Captain America: Civil War

It's Team Cap vs. Team Iron Man in this near-perfect addition to the Marvel Cinematic Universe

Black Panther, Vision, Iron Man, Black Widow and War Machine get ready to face off with the rest of the Avengers in the all-star superhero movie 'Captain America: Civil War.' Credit: Marvel 2016

Spoiler Alert: The Avengers are out to kill ... each other! Hell, it's all there in the title — Captain America: Civil War. Steve Rogers, a.k.a. Captain America, again played by the most excellent Chris Evans, heads up one faction. Tony Stark, aka Iron Man, in the person of the estimable Robert Downey, Jr, leads the other. "I'd like to punch you in those perfect teeth," says Iron Man to the Cap. Ouch.

The issue for these paragons of Marvel branding is collateral damage. Look at the mess these comic-book weapons of mass destruction left at the end of Avengers: Age of Ultron. Buildings toppled. Property destroyed. Civilian casualties. The Secretary of State (William Hurt, radiating Trump-like bluster) declares this will not stand. The United Nations demands accountability. Surprisingly, Iron Man agrees. The Cap, ever the rugged individualist, does not. Let the games begin.

Wait — what? Fanboys buying a ticket to an Avengers smackdown are going to be lectured on the evils of vigilantism? Isn't the damage purely digital? Did Marvel suits learn nothing from DC Comics when the dark cloud of pessimism  hung a cinematic pall over Batman v Superman? Relax. Once the sermons die down, the action intensifies without letup. Pow! Pow! Pow! You only have to pick sides. Are you Team Iron Man or Team Cap?

It always comes down to who has the coolest  gadgets. The Cap — all praise to Evans for bringing a charming quirk to this retro straight-arrow — has that wicked shield, plus the support of Scarlet Witch (Elizabeth Olsen), Falcon (Anthony Mackie), Hawkeye (Jeremy Renner), and Ant-Man (Paul Rudd). Iron Man — all praise to the quip-ready Downey — has that bracing wit that can cut through any and all script grandiosity, plus War Machine (Don Cheadle), Black Widow (Scarlett Johansson), Vision (Paul Bettany) and the young Spider-Man (a scene-stealing Tom Holland). The Hulk and Thor are no-shows.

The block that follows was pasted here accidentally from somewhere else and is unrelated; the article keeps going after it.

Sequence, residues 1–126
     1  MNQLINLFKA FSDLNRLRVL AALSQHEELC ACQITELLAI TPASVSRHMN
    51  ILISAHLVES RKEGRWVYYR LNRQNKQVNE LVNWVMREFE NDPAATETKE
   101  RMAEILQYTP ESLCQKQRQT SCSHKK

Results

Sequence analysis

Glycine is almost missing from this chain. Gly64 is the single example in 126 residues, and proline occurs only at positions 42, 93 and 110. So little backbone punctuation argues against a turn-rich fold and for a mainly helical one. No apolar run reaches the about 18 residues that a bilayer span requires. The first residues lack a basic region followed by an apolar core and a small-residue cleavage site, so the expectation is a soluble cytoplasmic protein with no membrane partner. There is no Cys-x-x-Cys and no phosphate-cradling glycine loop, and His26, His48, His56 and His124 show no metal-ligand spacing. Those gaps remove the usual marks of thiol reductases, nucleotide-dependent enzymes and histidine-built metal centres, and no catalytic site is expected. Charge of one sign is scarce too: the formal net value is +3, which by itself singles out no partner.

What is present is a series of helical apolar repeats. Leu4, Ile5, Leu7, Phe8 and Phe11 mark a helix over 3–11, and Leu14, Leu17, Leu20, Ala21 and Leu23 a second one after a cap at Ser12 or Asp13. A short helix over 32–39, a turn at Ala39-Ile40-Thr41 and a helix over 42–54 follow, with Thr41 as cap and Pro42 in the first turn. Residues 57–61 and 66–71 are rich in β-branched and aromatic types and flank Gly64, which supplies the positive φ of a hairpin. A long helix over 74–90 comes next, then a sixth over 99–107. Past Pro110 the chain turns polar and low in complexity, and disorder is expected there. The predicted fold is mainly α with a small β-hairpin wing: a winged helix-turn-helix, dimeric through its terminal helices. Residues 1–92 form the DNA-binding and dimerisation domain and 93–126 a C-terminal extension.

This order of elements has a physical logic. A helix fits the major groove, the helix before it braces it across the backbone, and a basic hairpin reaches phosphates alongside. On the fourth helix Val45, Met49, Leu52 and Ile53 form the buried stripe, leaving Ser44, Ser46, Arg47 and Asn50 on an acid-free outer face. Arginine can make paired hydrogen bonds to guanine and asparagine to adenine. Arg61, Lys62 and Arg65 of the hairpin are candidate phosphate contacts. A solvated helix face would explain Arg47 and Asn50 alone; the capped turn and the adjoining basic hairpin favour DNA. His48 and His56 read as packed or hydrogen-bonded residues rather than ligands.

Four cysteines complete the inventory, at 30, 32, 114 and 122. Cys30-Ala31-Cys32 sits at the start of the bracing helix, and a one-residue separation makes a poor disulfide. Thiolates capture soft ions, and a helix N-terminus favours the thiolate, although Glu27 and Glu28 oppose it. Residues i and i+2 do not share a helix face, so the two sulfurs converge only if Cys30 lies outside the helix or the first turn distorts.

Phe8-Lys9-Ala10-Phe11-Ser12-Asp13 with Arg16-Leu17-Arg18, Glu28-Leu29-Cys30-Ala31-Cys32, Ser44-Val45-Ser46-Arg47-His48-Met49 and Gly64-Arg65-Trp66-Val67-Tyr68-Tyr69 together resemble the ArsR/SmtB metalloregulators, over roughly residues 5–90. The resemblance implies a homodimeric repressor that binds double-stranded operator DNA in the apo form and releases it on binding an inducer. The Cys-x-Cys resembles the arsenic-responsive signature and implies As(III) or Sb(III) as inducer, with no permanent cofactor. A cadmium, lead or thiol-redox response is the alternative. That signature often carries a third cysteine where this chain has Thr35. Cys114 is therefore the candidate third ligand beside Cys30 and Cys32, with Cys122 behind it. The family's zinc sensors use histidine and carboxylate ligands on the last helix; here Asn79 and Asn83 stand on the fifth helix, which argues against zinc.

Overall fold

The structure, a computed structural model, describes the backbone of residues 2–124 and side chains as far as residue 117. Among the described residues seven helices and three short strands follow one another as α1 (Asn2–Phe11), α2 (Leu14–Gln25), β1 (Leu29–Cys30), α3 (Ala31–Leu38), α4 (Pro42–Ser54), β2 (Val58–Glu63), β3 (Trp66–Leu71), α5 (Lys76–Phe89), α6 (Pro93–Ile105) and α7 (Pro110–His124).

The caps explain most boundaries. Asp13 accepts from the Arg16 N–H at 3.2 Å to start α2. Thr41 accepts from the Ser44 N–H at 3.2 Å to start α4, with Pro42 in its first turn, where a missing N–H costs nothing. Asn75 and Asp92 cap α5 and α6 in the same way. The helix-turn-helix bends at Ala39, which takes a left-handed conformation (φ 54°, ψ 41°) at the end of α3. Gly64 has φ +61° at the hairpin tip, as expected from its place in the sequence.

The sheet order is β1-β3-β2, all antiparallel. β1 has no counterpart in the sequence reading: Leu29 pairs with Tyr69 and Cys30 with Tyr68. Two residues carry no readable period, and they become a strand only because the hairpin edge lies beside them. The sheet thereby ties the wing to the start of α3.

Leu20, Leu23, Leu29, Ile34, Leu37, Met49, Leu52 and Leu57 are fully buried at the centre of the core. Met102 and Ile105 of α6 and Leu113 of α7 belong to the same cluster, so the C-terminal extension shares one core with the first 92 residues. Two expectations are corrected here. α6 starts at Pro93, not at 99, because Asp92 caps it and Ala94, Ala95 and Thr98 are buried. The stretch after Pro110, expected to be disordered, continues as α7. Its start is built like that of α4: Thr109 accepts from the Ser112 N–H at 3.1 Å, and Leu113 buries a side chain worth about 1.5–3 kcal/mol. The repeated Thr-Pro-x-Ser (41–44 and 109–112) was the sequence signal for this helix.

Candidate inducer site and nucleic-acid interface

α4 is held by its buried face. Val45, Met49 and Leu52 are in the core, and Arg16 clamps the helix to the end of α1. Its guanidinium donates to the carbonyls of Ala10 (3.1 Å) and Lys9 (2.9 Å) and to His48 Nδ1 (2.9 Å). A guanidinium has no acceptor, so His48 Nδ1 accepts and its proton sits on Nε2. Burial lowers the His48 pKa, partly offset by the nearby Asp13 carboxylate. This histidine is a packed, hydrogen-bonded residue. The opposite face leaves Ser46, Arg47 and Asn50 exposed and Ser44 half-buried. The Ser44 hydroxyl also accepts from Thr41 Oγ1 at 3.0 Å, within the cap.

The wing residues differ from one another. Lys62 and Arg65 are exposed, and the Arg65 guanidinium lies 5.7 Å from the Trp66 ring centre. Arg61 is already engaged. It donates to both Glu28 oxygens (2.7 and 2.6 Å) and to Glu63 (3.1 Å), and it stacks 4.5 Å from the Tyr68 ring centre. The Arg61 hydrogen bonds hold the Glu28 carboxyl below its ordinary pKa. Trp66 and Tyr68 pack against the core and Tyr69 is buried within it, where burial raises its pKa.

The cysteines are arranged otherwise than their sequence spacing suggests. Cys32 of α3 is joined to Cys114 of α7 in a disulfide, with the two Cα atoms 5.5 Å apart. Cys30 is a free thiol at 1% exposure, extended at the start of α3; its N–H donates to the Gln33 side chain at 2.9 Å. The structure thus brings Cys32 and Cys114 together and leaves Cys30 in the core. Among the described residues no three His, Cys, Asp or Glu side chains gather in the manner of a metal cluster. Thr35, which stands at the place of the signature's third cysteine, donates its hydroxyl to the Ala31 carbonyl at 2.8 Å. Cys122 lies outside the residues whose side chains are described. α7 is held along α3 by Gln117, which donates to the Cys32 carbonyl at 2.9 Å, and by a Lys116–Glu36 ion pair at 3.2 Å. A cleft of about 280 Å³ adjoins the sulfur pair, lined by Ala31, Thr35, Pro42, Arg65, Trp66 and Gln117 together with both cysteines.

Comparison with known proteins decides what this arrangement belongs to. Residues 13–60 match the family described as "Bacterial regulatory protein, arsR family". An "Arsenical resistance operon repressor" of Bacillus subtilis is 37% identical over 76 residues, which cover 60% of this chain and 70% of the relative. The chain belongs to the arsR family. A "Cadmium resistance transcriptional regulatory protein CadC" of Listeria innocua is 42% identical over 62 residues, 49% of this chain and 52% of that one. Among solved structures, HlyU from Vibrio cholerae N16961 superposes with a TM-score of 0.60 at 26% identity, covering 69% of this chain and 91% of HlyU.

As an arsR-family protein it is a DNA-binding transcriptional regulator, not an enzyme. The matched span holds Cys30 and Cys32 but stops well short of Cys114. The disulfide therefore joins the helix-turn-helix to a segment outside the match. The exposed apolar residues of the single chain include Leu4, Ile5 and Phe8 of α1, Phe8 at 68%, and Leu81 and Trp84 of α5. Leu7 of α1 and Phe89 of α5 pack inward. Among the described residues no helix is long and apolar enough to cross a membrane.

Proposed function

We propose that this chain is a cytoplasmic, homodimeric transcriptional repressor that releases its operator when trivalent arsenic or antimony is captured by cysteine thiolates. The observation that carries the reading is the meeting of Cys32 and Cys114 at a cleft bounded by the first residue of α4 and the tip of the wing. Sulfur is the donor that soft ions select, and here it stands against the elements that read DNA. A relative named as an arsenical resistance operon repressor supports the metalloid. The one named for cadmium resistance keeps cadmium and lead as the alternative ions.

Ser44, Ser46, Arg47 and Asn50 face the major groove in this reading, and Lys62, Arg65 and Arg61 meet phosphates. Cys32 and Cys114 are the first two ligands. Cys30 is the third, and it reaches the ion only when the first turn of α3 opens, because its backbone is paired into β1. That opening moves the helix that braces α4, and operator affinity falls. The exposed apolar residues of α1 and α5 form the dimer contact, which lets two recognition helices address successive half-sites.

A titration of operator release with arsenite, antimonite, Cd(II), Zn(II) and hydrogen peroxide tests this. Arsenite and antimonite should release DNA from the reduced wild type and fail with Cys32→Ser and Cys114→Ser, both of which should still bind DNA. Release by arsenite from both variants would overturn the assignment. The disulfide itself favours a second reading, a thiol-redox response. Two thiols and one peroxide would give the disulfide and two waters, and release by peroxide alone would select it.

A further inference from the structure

Nobody can figure out what's going on with T'Challa, a.k.a. Black Panther (a terrific Chadwick Boseman), except his hate-on for Bucky Barnes, a.k.a. Winter ­Soldier (Sebastian Stan), the Cap's BFF except when the brainwashing kicks in and the Winter dude turns lethal. Iron Man calls him "the Manchurian Candidate." Nice one. But for sheer villainy, there's no one sneakier or more dangerous than Zemo (a sly, hissable Daniel Bruhl).

Kudos to the Russo brothers, Joe and Anthony, for directing the hostilities for maximum impact and without neglecting character. Their thundering epic is also smart,  snappy, politically savvy and blessedly fast on its feet, a neat trick pulled off by screenwriters Christopher Markus and Stephen McFeely, who have been with the series since 2011's Captain America: The First Avenger. Is it hypocritical for a popcorn movie to condemn violence while reveling in it. You bet. That's kind of rule No. 1 in Hollywood. The third chapter in the Captain America franchise is more like a third Avengers movie with the climactic airport battle pulling out all the stops as both teams — decked out in their best comic-book drag — gather on the tarmac to kick ass.

Sure, it's too much and way too familiar. But an emotional subtext bleeds into the kill zone. The conflict between this broken family of Avengers probably won't be resolved till the upcoming two-part Avengers: Infinity War, which the Russos will also direct. Meanwhile, Captain America: Civil War brings the fun, the fierce and the fireworks. Summer, we have liftoff.